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The Person in Jewish Thought

Beginning around the second century BCE, there were two independent developments in Jewish thought concerning the afterlife. Prior to that point, the Jewish tradition had taken death to be the final end of human life. One development was the expectation of bodily resurrection at the end of time. The other was the adoption of a dualist account of the person, according to which the soul survives the death of the body. Neil Gillman says:

In their original form, the two doctrines of the resurrection of the body and the immortality of the soul appear independent of each other. One knows nothing of bodies, the other knows nothing of souls. One ascribes personal identity to the body; the other, to the soul. One teaches that at the end of time, the body will be revived. The other insists that the soul is immortal and needs no revival.Gillman, The Death of Death, 238.

However, Rabbinic Judaism (from around 200 CE) conflated these traditions, teaching that the soul leaves the body at death but receives a resurrected body at some later time.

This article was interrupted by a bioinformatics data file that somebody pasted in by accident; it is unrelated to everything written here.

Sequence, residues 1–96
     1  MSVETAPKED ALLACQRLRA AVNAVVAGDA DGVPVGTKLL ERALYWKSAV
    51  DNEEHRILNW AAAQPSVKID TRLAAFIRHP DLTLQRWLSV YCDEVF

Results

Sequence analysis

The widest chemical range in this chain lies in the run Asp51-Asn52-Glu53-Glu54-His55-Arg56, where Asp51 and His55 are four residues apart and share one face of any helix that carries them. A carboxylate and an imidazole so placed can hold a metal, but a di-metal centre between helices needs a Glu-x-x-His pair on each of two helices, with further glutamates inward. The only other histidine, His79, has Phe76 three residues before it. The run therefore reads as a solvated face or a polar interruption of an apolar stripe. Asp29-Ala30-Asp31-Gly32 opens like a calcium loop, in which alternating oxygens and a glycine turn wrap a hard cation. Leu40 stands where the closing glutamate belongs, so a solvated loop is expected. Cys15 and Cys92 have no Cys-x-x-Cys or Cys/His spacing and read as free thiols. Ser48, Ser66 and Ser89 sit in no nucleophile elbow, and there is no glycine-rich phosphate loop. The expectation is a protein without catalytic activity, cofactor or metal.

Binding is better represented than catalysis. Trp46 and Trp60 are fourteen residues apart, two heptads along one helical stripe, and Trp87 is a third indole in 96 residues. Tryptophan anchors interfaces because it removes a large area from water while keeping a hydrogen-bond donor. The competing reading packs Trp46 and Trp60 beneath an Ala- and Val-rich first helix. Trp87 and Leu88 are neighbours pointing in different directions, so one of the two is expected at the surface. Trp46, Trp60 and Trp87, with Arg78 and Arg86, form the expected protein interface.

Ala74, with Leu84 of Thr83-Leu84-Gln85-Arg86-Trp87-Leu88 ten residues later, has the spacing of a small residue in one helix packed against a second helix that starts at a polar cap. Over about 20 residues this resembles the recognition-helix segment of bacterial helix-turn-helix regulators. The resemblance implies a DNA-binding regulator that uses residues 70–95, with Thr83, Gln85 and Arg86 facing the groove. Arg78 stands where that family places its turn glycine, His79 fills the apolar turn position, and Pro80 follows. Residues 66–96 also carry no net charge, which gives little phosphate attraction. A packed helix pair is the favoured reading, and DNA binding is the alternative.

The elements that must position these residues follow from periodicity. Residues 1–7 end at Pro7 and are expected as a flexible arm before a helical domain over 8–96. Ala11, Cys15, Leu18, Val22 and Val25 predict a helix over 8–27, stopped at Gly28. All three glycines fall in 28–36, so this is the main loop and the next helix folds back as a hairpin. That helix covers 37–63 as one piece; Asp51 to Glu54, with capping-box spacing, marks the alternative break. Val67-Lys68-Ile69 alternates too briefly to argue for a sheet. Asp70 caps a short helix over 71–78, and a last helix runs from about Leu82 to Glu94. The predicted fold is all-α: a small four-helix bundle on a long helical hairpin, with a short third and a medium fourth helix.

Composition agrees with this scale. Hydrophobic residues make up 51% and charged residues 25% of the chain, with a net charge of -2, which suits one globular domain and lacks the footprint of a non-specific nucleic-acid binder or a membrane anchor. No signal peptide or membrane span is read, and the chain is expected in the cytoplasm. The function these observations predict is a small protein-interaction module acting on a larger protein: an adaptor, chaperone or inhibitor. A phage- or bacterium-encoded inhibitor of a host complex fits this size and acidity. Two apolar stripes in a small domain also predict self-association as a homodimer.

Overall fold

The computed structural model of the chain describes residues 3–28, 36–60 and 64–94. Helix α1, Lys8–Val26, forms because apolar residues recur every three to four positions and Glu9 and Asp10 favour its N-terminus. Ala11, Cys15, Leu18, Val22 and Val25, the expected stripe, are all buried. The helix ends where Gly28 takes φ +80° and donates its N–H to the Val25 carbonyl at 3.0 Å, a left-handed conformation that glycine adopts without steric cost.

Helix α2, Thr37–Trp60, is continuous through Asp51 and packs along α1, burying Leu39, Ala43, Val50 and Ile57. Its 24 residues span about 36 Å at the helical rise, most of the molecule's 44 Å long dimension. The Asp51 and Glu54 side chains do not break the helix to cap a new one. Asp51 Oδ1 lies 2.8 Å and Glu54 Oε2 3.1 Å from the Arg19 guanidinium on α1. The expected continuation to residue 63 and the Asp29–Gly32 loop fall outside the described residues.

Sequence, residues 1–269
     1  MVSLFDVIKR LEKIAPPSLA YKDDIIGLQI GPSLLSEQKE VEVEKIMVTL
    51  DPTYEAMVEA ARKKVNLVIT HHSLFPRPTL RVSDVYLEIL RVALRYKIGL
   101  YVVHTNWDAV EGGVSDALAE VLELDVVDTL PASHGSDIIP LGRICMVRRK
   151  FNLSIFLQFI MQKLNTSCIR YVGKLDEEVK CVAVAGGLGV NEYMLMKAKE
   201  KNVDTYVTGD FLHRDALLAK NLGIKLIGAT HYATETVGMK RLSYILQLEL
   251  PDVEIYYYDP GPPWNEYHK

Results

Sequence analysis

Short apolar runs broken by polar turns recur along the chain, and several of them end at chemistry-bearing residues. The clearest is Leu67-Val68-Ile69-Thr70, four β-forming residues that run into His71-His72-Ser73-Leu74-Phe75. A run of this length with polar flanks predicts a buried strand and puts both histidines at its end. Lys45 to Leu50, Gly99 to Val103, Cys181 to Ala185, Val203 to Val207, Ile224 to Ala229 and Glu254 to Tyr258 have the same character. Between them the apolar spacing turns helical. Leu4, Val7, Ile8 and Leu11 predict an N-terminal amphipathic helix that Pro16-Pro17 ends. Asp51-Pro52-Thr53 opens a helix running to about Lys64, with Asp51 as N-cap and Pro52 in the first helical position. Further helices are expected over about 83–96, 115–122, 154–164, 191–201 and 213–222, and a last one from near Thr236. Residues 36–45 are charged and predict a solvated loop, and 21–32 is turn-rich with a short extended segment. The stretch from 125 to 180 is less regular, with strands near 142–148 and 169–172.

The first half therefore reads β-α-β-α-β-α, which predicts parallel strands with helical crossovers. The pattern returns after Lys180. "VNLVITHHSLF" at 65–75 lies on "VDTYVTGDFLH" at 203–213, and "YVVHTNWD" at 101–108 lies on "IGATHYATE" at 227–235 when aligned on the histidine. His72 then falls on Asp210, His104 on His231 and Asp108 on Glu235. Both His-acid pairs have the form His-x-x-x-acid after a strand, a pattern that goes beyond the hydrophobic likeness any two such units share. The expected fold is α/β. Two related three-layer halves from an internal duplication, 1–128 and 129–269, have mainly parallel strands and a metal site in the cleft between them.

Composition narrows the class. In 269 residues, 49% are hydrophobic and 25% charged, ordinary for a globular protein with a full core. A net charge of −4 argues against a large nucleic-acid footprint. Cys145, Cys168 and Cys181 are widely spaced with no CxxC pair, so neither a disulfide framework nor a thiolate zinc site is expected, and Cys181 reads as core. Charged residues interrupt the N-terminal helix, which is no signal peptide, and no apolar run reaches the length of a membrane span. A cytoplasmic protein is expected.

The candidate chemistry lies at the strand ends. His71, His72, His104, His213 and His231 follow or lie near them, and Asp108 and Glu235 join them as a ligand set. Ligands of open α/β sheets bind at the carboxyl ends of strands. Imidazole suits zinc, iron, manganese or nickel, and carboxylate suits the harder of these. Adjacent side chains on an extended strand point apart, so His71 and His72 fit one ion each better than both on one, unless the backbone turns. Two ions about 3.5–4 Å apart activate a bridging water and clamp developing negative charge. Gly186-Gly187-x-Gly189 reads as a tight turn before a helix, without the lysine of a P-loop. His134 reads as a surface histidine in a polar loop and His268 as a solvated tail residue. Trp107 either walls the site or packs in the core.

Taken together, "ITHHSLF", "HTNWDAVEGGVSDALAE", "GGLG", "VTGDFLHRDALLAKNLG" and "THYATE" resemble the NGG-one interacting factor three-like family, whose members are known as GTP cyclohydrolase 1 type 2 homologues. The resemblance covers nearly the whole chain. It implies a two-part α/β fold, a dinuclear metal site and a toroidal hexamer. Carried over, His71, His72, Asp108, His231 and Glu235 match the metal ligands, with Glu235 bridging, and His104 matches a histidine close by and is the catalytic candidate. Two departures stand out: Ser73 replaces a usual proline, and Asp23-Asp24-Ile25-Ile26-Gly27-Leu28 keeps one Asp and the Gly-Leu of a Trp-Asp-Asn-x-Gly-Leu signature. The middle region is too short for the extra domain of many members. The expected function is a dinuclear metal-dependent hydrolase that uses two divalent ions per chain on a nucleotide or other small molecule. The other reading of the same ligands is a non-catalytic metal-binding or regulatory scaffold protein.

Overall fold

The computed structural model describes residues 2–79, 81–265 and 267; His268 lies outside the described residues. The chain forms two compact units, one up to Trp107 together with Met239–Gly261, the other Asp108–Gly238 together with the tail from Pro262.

Neil Gillman points out that while many Jews since the Enlightenment have given up all concepts of life after death, there is a current movement within Judaism to recapture the doctrine of bodily resurrection (rather than immortality of the soul). Gillman asks:

[W]hy stress bodily resurrection rather than immortality of the soul? For many reasons: Because the notion of immortality tends to deny the reality of death, of God's power to take my life and to restore it; because the doctrine of immortality implies that my body is less precious, important, even "pure," while resurrection affirms that my body is not less God's creation and is both necessary and good; because the notion of a bodiless soul runs counter to my experience of myself and of others; because immortality implies the absorption of my soul into an All-Soul thus denying my individuality; and because resurrection affirms the significance of society.Craig Kinsely, quoted by Lee Hotz, in "An Inner Connection to God? Team Studies How Brain Processes the Spiritual," Washington Post, Nov. 8, 1997.

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The Person in Jewish Thought

Neuroscience & the Soul: Topic Index
The Person in Greek Thought
The Person in Medieval Thought
The Person in Modern Thought
Neuroscience and Thomas Aquinas
Thomas Aquinas, Moral Behavior and Phineas Gage
The Person in Hebrew Scriptures
The Person in The New Testament
The Person in Christian Theology
Is Behavior Determined, or are we Free?
Implications Of A Nonreductive Physicalist View


Dr. Nancey Murphy


See also:

The Cognitive and Neurosciences
What Makes us Human?
Are we Free?
Saint Augustine
Rene Descartes
Sir Isaac Newton
Books on Neuroscience and Theology